Nursing students’ experiences of exposure to pandemic influenza A (H1N1)

Hee Sun Kang

Abstract


Background: The purpose of this study was to examine the experiences of nursing students with exposure of influenza A (H1N1).

Methods: A qualitative descriptive study design was used. A total of 24 nursing students participated in six focus groups.

Results: The six themes that emerged from the data are as follows: (1) worrying about becoming infected; (2) protectingoneself and others; (3) relying on the nurses in the school health center; (4) being hurt by others’ negative reactions; (5)being ambivalent, and (6) being concerned over the high price.

Conclusions: Nursing students who come in contact with patients in a clinical setting must also be considered as candidatesfor early vaccination. Healthcare professionals, as well as family and friends, should keep in mind that their verbal ornonverbal expressions can hurt others’ feelings at a time when special care and support are needed the most. Stigma couldbe serious barriers of people's access to health services and preventive behaviors. Therefore, education on stigma reductionassociated with pandemic infection is essential to enhance public health preparedness.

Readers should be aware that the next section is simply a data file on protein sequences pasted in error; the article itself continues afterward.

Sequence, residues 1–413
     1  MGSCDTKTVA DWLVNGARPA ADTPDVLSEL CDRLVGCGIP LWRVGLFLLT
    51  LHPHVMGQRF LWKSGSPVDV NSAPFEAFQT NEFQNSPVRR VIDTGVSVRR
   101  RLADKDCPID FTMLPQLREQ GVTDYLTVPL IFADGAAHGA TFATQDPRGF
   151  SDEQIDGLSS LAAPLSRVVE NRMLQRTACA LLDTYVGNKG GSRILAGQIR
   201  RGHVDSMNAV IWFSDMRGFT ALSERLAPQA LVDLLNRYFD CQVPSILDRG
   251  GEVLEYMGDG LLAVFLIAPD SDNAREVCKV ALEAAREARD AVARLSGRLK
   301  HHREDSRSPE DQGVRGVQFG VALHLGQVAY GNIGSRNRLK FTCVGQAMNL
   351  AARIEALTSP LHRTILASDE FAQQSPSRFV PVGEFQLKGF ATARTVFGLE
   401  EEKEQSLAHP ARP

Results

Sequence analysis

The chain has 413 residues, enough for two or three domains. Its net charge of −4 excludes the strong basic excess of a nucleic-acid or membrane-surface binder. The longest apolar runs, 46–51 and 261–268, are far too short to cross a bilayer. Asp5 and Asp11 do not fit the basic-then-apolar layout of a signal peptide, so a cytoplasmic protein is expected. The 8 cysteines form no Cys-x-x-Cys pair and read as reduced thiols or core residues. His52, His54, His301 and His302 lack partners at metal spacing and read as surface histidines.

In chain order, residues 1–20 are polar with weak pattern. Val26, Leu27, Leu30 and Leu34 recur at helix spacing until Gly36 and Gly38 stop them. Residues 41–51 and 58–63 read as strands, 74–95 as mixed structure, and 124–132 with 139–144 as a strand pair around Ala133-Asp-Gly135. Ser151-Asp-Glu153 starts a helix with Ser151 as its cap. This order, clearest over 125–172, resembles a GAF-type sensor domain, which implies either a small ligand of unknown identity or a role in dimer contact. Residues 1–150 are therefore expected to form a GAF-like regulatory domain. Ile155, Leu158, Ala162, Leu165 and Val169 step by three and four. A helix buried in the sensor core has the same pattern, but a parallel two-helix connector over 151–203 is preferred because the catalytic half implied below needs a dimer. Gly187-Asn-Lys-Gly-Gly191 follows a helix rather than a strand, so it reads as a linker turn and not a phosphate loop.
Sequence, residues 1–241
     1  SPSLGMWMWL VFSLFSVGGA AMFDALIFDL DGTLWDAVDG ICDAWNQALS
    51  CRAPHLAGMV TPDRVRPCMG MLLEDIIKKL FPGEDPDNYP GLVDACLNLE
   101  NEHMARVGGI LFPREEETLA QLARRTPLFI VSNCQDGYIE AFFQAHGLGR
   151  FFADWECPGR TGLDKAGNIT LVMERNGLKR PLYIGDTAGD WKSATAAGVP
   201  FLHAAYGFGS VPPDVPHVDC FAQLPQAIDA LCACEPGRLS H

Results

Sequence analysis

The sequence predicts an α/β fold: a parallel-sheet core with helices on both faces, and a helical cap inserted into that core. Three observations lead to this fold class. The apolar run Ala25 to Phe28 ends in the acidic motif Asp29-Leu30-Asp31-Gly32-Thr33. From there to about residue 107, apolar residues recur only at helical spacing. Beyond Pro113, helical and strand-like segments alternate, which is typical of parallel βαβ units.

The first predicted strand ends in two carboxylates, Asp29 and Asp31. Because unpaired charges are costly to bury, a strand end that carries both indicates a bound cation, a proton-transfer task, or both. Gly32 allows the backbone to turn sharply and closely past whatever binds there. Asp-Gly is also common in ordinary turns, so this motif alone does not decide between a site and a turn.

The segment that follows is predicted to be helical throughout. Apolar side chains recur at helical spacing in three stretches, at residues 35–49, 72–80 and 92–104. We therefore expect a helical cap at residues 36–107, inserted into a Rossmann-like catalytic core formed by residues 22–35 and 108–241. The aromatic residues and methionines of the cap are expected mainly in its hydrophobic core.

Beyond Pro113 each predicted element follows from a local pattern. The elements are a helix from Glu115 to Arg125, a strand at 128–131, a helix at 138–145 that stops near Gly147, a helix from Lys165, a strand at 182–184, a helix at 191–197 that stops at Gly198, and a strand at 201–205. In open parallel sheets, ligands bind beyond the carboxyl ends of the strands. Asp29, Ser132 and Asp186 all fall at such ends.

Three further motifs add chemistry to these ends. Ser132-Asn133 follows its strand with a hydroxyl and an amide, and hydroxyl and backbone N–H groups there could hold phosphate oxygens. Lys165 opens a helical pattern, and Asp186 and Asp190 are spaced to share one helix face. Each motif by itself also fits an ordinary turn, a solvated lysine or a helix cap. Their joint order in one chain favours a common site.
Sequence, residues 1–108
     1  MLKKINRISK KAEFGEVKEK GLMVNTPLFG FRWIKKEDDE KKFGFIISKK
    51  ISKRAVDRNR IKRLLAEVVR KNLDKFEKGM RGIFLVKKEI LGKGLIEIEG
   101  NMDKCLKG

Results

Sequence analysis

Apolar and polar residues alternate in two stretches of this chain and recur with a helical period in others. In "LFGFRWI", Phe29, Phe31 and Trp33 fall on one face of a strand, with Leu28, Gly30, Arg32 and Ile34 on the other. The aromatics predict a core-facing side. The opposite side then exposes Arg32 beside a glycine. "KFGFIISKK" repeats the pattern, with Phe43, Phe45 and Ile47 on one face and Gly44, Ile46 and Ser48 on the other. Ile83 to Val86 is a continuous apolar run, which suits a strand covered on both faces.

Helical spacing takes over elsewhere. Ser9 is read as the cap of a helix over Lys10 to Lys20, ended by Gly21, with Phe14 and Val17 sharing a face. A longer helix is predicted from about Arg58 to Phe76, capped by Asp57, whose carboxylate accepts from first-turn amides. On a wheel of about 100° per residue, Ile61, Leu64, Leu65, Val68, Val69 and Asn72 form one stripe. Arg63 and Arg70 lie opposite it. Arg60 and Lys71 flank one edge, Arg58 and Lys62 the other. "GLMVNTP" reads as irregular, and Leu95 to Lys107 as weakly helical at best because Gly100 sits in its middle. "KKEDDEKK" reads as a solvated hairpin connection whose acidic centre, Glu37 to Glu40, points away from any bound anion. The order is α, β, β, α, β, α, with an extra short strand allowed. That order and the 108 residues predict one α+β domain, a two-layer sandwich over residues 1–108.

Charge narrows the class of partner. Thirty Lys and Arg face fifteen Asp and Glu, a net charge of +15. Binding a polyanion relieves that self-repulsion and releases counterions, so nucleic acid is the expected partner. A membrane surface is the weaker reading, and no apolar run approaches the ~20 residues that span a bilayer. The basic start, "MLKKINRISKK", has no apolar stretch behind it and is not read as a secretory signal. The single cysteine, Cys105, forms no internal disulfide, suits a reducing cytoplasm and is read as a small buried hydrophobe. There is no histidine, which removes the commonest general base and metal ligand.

Full Text: PDF DOI: 10.5430/jnep.v2n2p63

Creative Commons License
This work is licensed under a Creative Commons Attribution 3.0 License.

Journal of Nursing Education and Practice

ISSN 1925-4040 (Print)   ISSN 1925-4059 (Online)

Copyright © Sciedu Press 
To make sure that you can receive messages from us, please add the 'Sciedu.ca' domain to your e-mail 'safe list'. If you do not receive e-mail in your 'inbox', check your 'bulk mail' or 'junk mail' folders.